NASA celebrates 30th anniversary of first shuttle launch; announces new homes for retired shuttles
Wednesday, April 13, 2011
NASA celebrated the launch of the first space shuttle Tuesday at an event at the (KSC) in . On April 12, 1981, lifted off from the Kennedy Space Center on , the first space shuttle mission.
NASA held a ceremony commemorating the date outside the hangar, known as Orbiter Processing Facility-1, for, which is being prepped for its final mission which will be , which will be the last Space Shuttle mission.
At the ceremony, New York City.announced the locations that would be given the three remaining Space Shuttle orbiters following the end of the . The prototype orbiter, Space Shuttle Enterprise would be relocated from the at to the in
will take the place of Enterprise at the Udvar-Hazy Center. Discovery has already been retired following the completion of last month, its 39th mission. Discovery is undergoing decommissioning and currently being prepped for display by removing toxic materials from the orbiter.
California following its retirement. Finally, Atlantis will go on display at the following the orbiter's last flight which launches June 28., which will launch on at the end of the month on April 29, will be sent to the in ,
Columbia was lost tragically back on February 1, 2003 when it disintegrated during re-entry killing all seven astronauts aboard.was lost when it exploded 73 seconds after liftoff back on January 28, 1986 killing all six aboard.
"We want to thank all of the locations that expressed an interest in one of these national treasures," said Bolden to the gathered crowd which contained many KSC employees. "This was a very difficult decision, but one that was made with the American public in mind. In the end, these choices provide the greatest number of people with the best opportunity to share in the history and accomplishments of NASA's remarkable Space Shuttle Program. These facilities we've chosen have a noteworthy legacy of preserving space artifacts and providing outstanding access to U.S. and international visitors."
Over twenty locations looked to obtain one of the orbiters because of potential tourism booms from them.
Not all were pleased with the final choice of locations. U.S. Senator, Republican from , issued a statement regarding the rejection of (JSC) in as a location. “Like many Texans, I am disappointed with NASA’s decision to slight the Johnson Space Center as a permanent home for one of the Space Shuttle Orbiters. Houston has played a critical role throughout the life of the space shuttle, but it is clear political favors trumped common sense and fairness in the selection of the final locations for the orbiter fleet."
Cornyn's statement added, “There is no question Houston should have been selected as a final home for one of the orbiters—even Administrator Bolden stated as much. Today’s announcement is an affront to the thousands of dedicated men and women at Johnson Space Center, the greater Houston community and the State of Texas, and I’m deeply disappointed with the Administration’s misguided decision.” However, the JSC will recieve pilot and commander seats from the flight deck.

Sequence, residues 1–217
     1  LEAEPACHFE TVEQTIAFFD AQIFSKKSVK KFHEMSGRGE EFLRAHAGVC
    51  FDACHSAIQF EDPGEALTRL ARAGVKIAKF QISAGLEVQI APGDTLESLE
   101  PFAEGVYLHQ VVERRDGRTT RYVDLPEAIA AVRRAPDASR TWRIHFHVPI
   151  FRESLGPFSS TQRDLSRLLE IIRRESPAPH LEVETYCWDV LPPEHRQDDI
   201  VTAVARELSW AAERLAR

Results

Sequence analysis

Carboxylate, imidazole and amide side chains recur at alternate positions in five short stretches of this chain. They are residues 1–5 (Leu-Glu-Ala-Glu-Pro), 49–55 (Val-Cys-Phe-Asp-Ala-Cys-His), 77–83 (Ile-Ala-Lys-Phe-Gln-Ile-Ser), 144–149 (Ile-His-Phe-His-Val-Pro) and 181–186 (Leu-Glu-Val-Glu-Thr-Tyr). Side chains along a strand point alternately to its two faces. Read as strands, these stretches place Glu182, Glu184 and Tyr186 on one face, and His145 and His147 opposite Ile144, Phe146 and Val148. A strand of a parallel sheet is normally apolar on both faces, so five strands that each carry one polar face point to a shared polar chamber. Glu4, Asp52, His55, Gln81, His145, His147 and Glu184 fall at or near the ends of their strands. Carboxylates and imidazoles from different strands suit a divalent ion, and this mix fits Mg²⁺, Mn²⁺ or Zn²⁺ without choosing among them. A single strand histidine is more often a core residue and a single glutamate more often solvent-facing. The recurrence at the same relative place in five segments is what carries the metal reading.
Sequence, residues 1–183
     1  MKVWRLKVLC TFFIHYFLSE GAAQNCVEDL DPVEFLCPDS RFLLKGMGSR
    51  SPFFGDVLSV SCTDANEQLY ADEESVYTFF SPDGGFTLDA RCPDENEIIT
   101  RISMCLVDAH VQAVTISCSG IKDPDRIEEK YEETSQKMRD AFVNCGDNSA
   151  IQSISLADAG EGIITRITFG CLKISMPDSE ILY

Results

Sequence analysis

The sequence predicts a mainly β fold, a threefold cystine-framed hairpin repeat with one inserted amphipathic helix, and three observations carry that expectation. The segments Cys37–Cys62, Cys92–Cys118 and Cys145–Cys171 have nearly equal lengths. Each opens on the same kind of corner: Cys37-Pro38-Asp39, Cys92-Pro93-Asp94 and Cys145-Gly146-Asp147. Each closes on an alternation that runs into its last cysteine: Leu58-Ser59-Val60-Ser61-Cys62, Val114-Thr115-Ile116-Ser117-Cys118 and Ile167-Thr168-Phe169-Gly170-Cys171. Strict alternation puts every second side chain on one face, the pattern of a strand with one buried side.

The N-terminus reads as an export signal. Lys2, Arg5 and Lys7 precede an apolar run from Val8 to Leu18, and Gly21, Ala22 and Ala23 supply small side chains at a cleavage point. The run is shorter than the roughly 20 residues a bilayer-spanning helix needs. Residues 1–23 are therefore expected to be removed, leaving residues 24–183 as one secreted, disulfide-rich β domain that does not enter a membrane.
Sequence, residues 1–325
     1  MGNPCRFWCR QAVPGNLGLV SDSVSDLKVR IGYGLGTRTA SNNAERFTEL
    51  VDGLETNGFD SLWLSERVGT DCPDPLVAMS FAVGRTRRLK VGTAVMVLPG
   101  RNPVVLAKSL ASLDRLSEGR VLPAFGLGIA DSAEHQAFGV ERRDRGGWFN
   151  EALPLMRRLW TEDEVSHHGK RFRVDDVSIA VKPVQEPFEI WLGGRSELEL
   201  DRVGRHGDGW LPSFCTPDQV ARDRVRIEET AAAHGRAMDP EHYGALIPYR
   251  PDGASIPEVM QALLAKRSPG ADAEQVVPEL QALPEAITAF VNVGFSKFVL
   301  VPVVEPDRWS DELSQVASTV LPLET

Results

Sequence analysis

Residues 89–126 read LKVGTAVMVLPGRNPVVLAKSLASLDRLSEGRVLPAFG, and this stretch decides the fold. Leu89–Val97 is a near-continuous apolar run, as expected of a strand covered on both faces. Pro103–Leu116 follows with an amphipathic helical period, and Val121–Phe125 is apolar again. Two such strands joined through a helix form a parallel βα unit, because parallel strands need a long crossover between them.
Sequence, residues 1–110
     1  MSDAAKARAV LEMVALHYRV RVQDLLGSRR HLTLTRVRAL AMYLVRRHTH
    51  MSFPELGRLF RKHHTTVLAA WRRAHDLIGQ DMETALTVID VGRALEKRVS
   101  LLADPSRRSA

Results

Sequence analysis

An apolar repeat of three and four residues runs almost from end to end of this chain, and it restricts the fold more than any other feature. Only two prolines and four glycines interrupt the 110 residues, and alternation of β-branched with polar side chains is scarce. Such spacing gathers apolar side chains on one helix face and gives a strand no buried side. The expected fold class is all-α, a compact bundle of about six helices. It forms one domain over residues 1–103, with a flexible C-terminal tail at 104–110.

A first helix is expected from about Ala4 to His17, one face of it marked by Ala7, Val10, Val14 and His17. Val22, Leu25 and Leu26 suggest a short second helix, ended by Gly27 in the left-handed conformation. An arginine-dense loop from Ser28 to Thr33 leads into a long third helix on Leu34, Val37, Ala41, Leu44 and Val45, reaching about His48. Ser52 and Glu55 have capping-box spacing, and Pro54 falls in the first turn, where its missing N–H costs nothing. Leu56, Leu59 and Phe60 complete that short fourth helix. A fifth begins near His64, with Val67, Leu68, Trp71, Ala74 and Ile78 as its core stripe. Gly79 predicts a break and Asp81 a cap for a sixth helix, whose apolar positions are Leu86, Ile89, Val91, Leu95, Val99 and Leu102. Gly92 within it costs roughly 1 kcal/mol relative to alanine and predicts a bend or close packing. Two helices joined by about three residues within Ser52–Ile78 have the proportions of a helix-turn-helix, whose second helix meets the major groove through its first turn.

Thein was also proposed as another location for a shuttle, going so far as to build a new building to house an orbiter. In a statement, said, “The Museum of Flight put a tremendous amount of effort into landing a retired shuttle in the Pacific Northwest. As the home of modern day air travel and the 747, which has gracefully transported shuttles for the last 30 years, Seattle would have been a perfect fit. While the Museum of Flight was in the top running, I’m disappointed that NASA did not choose them.
“However, the full fuselage trainer, that every astronaut including [former Museum of Flight CEO]has been trained on, will soon call the Museum of Flight home. The largest of the trainers, this addition will allow visitors to actually climb aboard the trainer and experience the hands-on training that astronauts get. Visitors will not be allowed in the other shuttles and this trainer is a true win for our dynamic museum. It will help inspire young people to the adventure of space and to the excitement of a career in science, technology, engineering and math."
Other items include various shuttle simulators which will be given to the Illinois, the of , and Aerospace Engineering Department. The nose cap assembly and crew compartment trainer for the at in and orbital maneuvering system engines for the in , the National Air and Space Museum, and the Evergreen Aviation & Space Museum.in ,
NASA is also offering shuttle heat shield tiles to schools and universities that want to share technology and a piece of space history with their students.
The 30th anniversary of the first shuttle mission coincided with the 50th anniversary of the first manned space flight whenlifted off aboard into space.
- David Weaver. "NASA Announces New Homes For Shuttle Orbiters After Retirement" — , April 12, 2011
- "NASA announces homes for space shuttles" — , April 12, 2011
- Michael Martinez and John Zarrella. "NASA announces new homes for retiring space shuttles" — , April 12, 2011
- Robert Pearlman. "NASA retiring its shuttles to Smithsonian, museums in California, Florida, New York" — , April 12, 2011
- Press Release: "Cornyn Statement On Administration’s Failure To Retire Orbiter To Rightful Home In Houston" — , April 12, 2011
- Press Release: "Gov. Gregoire’s statement on Museum of Flight’s bid to house retired space shuttle" — , April 12, 2011
- Michael Curie and Allard Beutel. "NASA To Hold 30th Anniversary Ceremony At Kennedy Space Center And Announce Permanent Space Shuttle Locations" — , April 11, 2011